Bout Sable is a long, black-sand, turtle-nesting and once popular beach situated along the scenic coastline of La Plaine, one of Dominica's basketball centres.

Sports is very much alive in the La Plaine community which has been involved in competitive basketball for about four decades now. This is manifested through participating in the national basketball league, organizing and staging their own community/district basketball league and other basketball competitions, hosting 'friendlies' and engaging other teams on their home court, and other such activities.

This agricultural village, where Bay Oil production is still an important economic activity, has been involved in the sport of basketball from the late 1970s, and one of the stalwarts in the sport in Dominica's south-east is Ronald 'Ron' Green.

Ron had moved back to La Plaine in 1978, and together with Phillip 'Murray' St. Jean (now deceased) they organised basketball in La Plaine and in the South-East. He is one of several politicians cum basketballers who were featured in the 5-segment Jump Ball article, 'From the Court to the Platform' which was published in The Sun newspaper in 2018.

So, even before taking a dip in one of La Plaine's five inviting rivers, or hiking to Sari-Sari Falls or Bolive Cascade & Pools in the heights of the village, let us take a short trek from 'Canada', Case O'Gowrie or Balizier down to La Plaine's basketball court.

Basketball first bounced off in La Plaine on a hard court that was constructed near the then La Plaine Government School – since renamed Jones Beaupierre Primary School – shortly before the passage of Hurricane David in 1979. Interestingly, a few weeks after the completion of its construction the court served as a helicopter landing point for hurricane relief supplies for the village.

The person who is credited with introducing the sport of basketball to the village of La Plaine is Richard 'Richie' Joseph, a son of the soil who went on to play basketball in the national league with Grand Bay's Bata Pros; they played in the league's Senior Division. Richie would later return to play with his home village's team, although in a lower Division.

Within months after the construction of the hard court the inaugural La Plaine Basketball League tipped off, entertaining villagers and basketball enthusiasts from the village. Importantly, within three years of the court's construction, La Plaine 'sent its first team to town' to compete in the national league. Additional information about the La Plaine Basketball League will be presented in Section III of this article.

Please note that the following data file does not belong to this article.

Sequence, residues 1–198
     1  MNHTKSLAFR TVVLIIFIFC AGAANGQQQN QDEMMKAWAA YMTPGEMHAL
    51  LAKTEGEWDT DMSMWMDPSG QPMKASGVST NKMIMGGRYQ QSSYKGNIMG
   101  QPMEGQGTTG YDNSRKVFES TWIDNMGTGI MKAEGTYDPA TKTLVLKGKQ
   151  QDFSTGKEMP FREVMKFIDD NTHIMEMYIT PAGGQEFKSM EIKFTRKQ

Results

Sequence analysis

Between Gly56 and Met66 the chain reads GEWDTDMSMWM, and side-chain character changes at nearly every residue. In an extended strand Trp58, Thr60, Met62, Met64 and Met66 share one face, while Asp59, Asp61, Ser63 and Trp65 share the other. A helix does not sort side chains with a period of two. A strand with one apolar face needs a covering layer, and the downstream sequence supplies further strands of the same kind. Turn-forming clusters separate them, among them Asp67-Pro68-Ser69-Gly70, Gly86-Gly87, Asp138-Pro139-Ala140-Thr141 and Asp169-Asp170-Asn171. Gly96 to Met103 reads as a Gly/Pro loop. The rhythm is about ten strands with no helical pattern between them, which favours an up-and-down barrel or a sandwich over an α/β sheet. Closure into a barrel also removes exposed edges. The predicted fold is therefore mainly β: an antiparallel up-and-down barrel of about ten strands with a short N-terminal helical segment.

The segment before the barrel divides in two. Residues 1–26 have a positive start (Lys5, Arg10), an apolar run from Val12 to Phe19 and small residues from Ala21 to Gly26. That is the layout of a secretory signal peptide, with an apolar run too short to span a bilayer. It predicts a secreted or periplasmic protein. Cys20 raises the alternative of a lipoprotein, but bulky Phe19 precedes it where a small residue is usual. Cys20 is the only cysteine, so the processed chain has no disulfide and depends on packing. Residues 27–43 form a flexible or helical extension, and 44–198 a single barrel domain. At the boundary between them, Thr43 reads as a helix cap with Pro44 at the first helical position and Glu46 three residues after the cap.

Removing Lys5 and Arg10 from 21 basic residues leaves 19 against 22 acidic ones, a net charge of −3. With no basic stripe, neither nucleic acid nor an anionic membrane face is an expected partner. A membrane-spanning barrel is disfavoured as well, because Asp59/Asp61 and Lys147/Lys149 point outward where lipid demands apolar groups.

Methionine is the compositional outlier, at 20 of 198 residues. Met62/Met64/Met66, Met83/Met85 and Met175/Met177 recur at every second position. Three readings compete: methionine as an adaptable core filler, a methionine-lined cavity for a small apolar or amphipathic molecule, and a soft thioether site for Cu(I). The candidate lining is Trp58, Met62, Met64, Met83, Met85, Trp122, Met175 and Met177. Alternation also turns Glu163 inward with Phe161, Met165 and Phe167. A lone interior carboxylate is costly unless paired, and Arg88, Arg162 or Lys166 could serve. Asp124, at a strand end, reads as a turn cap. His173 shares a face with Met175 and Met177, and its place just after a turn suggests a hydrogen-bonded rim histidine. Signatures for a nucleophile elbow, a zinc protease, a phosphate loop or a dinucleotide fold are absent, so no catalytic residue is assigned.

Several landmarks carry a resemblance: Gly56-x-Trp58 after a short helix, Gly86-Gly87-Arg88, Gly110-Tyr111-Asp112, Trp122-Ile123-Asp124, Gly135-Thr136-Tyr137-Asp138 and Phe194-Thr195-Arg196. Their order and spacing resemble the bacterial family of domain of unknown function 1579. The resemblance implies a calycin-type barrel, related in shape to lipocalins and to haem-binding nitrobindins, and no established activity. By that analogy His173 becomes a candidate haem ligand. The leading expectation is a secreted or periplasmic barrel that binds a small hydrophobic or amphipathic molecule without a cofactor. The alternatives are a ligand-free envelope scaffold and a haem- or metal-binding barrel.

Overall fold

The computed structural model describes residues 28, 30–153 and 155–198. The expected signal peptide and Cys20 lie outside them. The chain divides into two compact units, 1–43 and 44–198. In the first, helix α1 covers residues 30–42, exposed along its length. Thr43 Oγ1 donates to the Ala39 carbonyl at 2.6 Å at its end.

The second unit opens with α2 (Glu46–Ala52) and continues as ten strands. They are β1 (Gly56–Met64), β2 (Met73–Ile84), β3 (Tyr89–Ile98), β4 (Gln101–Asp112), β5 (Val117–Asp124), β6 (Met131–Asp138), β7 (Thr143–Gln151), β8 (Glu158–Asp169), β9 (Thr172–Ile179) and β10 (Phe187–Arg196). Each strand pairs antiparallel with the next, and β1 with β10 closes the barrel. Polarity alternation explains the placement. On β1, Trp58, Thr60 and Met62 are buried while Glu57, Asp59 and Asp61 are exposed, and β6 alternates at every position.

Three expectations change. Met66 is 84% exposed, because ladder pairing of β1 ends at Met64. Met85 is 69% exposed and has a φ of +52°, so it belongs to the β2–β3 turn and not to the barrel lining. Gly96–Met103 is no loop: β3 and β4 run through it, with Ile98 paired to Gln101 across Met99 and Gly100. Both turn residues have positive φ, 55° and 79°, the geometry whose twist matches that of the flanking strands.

LA PLAINE TEAMS IN NATIONAL LEAGUE - THE FORMATIVE YEARS: To date, La Plaine has produced only five teams that have competed in two of the Divisions of the national league. The first jump shots were taken in 1982 by SUNS, which played in the lower (Junior) of the two men's divisions then.

In one of their matches that year, Suns lost to Green City of Roseau, 50-77, but not without Richie putting up a fearless fight. According to The New Chronicle of 1st May 1982, "the experienced Richie Joseph, the former South City Pros Star, dominated Suns play and matched Green City point for point. Joseph's form created a minor scare but did not prevent Green City from eventually winning the game. Richie Joseph compiled 27 points for the Suns."

Original players in Sun's first years include Ron Green, Clovel David, Errol Austrie, Richie Joseph and Raymond Austrie from La Plaine; Henry 'Hendo' Hilaire from Delices was also a founding member while Ron served as the team's Coach.

After the formative years La Plaine's team stayed off the Dominica Amateur Basketball Association (DABA) court briefly, but returned in the late-1980s. In Reunion Year (1988) and the Year of Environment & Shelter (1989), this south-eastern village was represented in the league by BULLETS.

Playing in Division II (Intermediate Division) in 1988, Bullets did not fare out too well in the League competition. They placed 6th from seven teams in Zone B, ending the season with six defeats and not even 'breaking their egg'. They scored an aggregate of 264 Pts and conceded 420, including three blow-outs:- 101-60 from Soufriere's Clippers; 82-49 from Trafalgar's Prowlers; and 99-73 from Dominica Grammar School.

However, even with their not-so-favourable showing, Bullets placed 3rd in Free-Throw shooting in their Zone in 1988, scoring 26 from their 67 attempts including 11/28 as their best game result from the 'foul line'. That year Bullets' Collin Lestrade was the 10th highest aggregate-scorer in Division II with 88 points (17.6 Pts/gm).

(To be Continued)